By Brandon Macz, Author
September 7, 2016
Central Co-op CEO Dan Arnett will leave at the end of the year to head up the Sacramento Natural Foods Co-op in California, but still has a lot of work on his plate he’d like to see cleared off.
With tensions high following Central’s merger with the now-shuttered Tacoma store and heated members-only meetings, not everyone will be sad to see Arnett leave.
Arnett, who has been CEO and served on the co-op board since 2012, announced his departure to members on Thursday, Sept. 1.
“It was really hard, because it’s such an unusual situation, and it’s easy to make a lot of speculation,” he said.
Arnett has been taking criticism since the closure of the Tacoma location in July, the co-op citing a leasing dispute as the cause. Central Co-op merged with the Tacoma Food Co-op after more than 93 percent of members voted in favor of it in late December. Members also approved shifting to a multi-stakeholder model.
Since the closure, Tacoma co-op members have been barred from meetings, trespassed from the former store site and blocked on Facebook for protesting Arnett’s leadership decisions and a perceived lack of transparency in regard to finding a new store site.
“It’s been interesting to have members of our community’s voices silenced,” said Gabriel Johnson, with the Friends of the Co-op in Tacoma, speaking about two members who had spearheaded protests and demands for more information about the Tacoma location’s closure. “Because the co-op was kind of closed under some weird circumstances, and there were just a lot of questions, and there wasn’t any transparency at all.”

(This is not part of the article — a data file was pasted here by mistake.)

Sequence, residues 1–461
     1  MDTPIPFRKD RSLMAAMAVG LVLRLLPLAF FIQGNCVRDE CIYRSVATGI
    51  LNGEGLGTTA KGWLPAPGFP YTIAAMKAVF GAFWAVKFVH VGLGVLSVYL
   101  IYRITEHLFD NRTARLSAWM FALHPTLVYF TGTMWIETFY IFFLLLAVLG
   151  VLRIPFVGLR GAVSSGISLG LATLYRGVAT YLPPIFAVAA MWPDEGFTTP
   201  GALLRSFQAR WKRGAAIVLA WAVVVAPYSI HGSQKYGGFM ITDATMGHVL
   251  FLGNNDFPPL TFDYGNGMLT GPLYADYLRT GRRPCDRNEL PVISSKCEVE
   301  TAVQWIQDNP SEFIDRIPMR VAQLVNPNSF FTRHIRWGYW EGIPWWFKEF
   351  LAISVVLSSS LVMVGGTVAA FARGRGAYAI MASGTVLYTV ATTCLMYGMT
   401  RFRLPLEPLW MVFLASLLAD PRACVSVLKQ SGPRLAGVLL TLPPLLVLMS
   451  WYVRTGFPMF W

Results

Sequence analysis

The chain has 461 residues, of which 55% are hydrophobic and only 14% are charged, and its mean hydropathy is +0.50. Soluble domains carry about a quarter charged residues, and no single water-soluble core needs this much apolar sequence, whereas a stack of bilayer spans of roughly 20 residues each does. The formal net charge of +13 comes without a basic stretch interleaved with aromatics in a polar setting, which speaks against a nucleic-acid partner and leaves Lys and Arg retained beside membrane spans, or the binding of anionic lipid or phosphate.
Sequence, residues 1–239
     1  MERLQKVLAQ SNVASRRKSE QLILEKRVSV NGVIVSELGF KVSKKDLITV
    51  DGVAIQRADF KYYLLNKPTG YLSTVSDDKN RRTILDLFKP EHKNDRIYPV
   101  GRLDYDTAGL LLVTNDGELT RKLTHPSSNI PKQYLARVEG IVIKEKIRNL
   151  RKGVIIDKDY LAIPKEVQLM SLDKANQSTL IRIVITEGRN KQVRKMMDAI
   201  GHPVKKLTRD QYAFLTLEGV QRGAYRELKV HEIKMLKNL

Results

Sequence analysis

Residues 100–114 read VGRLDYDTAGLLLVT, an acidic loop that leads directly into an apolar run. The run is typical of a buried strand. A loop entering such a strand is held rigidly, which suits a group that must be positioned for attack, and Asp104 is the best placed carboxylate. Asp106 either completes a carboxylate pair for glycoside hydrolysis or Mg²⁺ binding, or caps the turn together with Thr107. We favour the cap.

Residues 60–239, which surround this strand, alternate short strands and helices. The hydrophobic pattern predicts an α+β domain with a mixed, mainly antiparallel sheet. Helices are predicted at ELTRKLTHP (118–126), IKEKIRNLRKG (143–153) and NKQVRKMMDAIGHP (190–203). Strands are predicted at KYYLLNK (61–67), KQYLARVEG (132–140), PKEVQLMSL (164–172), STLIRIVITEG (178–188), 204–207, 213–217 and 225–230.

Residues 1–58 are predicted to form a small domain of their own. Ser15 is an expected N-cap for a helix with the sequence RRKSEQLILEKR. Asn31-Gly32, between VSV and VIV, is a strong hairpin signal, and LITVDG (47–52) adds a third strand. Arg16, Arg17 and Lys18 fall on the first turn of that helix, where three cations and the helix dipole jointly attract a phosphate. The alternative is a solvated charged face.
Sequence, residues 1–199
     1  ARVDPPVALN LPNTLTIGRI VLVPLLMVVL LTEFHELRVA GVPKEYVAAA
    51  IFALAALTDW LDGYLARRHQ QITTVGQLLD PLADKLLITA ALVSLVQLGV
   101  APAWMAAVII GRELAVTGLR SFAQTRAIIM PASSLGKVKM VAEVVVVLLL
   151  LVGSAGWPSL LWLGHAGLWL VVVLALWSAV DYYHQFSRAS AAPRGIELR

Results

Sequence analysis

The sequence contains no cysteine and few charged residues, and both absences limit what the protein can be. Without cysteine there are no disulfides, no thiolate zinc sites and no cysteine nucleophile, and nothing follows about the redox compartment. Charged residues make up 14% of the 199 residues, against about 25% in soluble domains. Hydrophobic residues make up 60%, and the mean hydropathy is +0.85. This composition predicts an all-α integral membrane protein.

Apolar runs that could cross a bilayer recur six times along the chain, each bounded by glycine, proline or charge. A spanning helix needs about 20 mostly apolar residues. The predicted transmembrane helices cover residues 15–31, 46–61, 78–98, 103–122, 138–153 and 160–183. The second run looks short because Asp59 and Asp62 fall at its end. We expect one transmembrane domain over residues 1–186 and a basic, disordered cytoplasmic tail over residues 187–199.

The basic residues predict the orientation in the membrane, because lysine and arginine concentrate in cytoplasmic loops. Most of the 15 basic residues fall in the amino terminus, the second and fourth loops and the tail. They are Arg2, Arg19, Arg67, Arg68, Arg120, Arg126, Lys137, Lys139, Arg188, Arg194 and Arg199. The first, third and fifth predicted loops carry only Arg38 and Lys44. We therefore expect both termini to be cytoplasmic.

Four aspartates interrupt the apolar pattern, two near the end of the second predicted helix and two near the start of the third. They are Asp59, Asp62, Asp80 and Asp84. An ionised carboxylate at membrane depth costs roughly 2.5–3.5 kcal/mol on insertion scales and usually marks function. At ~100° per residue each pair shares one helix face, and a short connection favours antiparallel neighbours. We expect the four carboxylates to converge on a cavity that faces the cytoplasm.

Johnson attended a co-op community meeting last Tuesday, Aug. 30, which he said actually gave members an opportunity to weigh in, which left him feeling more optimistic.
“It’s nice to actually have some input and be heard,” he said, “because that wasn’t the case at the beginning.”
He said the consensus from that meeting was to find a new store location in Tacoma’s Hilltop neighborhood.
“We’re talking with some folks now,” Arnett said, “and I do believe we’ll get something.”
The Central Co-op CEO said issues with the Tacoma store made him second guess his departure, which he said was already in the works prior to the store’s closure.
“A lot of that conversation really predated what happened with Tacoma anyway,” he said about going to the Sacramento co-op.
Arnett said the Tacoma Food Co-op likely would have closed without the merger.
“I would say the chance of survival was less than 1 percent,” he said. “… I know how it looks to people, but I can’t really control how it looks to people.”
The need to find a new Tacoma store won’t stop Central Co-op from seeking to be the anchor tenant for the transit-oriented development project around the Capitol Hill light rail station, Arnett said.
Arnett’s last day with Central Co-op is Dec. 31.
“I love Central. I love Seattle so much; it’s bittersweet,” he said. “I think you just have to do what feels right.”
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